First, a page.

In the early 1840's, Daniel Fletcher bought the farm. A log cabin and barn stood in a small clearing. Daniel was a carpenter and built the present house and barn. Two of his sons served in the Union army. (Carlos has the distinction of being the first soldiers killed and the monument in the park across from the town hall bears his name.) Daniel's only daughter Helen married James A. Gould.
James and Helen remodelled and greatly enlarged and improved the buildings. The barn itself measured 120' by 42'. Other buildings included the sheep barn, the horse barn, the carriage house, hoghouse, icehouse and other small sheds. They raised Durham cattle, horses and sheep. One hundred fifty tons of hay were harvested annually. James A. raised driving horses. The sugar place contained 800 trees. One account tells that James A. always wore white gloves when handling his horses. He made his money producing potato whiskey which was hauled to Portland over Dixville Notch.
James A.'s only surviving daughter Nellie married David Keazer. They carried on the farm and continued to make improvements. Their only son James Carmi married the girl next door. He and Eva (Cook) had six children. They farmed, guided hunters and provided lodging for them. Their son James Carmi Jr. took over the farm.
Always known as Bill, he married Mary Peabody and they had two sons. Bill focused on dairy, continued to open fields and more pasture to support the herd and earned quality milk awards through the 1960's. After graduating from UNH and serving in Vietnam, Bob moved back.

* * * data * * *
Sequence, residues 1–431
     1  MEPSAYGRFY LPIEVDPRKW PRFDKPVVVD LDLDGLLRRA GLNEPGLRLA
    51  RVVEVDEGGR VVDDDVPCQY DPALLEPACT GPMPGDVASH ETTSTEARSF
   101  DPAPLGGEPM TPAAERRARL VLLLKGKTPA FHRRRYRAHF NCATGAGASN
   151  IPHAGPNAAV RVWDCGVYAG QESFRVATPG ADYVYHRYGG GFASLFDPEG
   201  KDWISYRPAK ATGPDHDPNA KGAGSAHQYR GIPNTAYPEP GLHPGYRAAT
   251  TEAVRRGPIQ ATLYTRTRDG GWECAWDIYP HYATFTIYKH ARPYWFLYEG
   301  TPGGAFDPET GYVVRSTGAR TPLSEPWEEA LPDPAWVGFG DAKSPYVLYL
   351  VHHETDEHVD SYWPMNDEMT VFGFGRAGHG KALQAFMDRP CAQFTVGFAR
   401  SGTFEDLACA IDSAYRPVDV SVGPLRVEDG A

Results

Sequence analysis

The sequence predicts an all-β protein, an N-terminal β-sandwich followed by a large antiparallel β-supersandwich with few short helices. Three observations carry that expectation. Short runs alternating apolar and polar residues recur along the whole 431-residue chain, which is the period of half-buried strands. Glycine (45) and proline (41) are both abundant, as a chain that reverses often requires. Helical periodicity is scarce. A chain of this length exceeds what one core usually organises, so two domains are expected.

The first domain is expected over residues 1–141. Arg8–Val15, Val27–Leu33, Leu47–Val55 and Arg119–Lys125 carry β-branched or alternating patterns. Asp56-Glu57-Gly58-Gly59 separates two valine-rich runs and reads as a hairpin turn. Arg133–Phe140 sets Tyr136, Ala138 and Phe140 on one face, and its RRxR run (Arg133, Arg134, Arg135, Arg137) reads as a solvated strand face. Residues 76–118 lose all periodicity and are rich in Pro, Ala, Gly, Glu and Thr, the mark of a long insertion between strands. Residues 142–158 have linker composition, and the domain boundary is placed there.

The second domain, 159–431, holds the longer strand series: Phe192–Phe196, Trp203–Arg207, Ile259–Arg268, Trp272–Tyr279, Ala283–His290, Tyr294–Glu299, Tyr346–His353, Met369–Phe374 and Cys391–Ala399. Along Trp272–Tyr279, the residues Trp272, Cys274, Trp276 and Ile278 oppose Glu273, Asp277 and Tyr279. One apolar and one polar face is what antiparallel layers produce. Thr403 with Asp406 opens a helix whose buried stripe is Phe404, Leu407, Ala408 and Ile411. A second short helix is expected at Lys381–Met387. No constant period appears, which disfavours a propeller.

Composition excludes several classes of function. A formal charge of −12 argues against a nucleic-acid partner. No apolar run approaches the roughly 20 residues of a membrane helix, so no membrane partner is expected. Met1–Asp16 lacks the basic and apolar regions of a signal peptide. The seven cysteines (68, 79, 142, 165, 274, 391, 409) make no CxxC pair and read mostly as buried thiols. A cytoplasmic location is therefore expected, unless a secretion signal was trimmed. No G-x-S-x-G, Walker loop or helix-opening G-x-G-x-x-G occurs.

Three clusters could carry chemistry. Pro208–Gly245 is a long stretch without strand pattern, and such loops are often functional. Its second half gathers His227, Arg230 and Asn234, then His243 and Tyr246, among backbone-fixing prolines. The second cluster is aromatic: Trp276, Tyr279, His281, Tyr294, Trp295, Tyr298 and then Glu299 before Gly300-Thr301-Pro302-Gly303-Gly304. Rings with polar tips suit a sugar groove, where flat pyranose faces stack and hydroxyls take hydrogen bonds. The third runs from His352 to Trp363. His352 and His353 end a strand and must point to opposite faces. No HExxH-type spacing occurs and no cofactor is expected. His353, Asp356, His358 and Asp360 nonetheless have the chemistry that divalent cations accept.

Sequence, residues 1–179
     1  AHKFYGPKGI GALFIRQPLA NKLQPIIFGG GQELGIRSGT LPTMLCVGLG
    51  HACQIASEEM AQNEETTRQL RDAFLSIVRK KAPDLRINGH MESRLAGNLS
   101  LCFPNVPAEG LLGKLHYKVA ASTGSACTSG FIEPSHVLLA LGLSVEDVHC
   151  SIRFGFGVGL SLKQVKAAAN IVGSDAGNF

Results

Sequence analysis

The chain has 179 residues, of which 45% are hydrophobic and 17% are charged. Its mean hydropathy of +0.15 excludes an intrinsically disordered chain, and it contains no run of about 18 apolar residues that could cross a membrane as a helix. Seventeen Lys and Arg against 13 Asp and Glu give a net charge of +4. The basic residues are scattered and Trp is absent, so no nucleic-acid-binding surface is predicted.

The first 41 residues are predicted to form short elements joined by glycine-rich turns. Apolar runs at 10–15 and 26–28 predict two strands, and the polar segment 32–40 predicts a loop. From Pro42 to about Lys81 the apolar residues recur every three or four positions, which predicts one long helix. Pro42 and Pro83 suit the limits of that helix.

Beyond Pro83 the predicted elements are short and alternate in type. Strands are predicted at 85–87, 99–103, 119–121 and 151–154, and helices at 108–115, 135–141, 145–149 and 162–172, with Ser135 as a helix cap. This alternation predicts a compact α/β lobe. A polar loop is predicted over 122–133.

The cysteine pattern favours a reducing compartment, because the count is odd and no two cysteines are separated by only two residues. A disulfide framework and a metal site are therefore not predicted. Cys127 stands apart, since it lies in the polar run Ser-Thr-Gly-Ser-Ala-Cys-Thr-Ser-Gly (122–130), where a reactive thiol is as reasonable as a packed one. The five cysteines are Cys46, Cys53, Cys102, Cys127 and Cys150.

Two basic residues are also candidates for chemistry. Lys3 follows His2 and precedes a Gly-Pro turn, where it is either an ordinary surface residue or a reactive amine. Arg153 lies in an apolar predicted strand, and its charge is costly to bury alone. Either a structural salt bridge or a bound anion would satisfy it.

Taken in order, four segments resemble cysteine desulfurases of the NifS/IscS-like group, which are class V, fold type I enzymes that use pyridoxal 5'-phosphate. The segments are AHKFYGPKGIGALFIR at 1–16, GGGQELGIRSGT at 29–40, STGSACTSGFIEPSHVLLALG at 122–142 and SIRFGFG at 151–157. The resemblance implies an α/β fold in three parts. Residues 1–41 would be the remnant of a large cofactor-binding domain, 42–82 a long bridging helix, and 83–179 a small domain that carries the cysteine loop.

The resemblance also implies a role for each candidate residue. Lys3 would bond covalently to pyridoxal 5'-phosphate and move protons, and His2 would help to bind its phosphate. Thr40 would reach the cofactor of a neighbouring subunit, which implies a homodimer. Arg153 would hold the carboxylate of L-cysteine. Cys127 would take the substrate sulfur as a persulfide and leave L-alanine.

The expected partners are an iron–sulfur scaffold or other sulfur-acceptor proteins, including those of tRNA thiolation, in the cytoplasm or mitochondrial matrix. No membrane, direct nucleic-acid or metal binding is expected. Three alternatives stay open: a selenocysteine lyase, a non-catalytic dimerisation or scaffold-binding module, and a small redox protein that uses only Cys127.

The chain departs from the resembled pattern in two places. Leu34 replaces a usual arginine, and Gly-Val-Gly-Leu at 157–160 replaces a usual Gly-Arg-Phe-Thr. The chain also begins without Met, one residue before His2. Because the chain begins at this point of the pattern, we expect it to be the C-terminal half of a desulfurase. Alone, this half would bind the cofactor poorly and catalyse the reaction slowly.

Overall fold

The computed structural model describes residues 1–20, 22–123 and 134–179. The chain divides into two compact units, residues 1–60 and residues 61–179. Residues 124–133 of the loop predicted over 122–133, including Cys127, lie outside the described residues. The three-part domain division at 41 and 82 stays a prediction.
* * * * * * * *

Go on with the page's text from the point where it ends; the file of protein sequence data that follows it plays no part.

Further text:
He married Dottie and they had three daughters. With Bill and and Mary, they ran the dairy operation until 1996. For health reasons, they sold the herd. Bob returned to college and received his teaching credentials. He taught high school math for thirteen years. During this time, they established the B&B. During summers, with the help of family and friends, they produced 16,000 bales of hay and continued sugaring. In 2008, a good deal of fields were turned into Christmas tree production and hay production was cut down to 9500 bales a year. The farm is now owned by their daughter Jenny. The family continues to hay, sugar and grow trees, make wreaths, work blueberries and raise a few farm animals. The farm is home to Bob and Dottie and their daughters Jenny and Katie and their families.